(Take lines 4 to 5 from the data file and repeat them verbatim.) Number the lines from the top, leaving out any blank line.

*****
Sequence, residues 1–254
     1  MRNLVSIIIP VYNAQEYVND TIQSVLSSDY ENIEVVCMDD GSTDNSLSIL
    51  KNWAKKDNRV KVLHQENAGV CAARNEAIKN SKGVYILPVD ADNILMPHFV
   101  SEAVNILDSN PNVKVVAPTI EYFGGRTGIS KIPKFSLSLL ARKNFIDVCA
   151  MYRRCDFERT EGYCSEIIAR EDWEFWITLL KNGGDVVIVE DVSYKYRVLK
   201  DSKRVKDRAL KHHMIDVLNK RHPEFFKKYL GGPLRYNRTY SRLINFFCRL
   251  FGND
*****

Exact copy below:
   101  SEAVNILDSN PNVKVVAPTI EYFGGRTGIS KIPKFSLSLL ARKNFIDVCA
   151  MYRRCDFERT EGYCSEIIAR EDWEFWITLL KNGGDVVIVE DVSYKYRVLK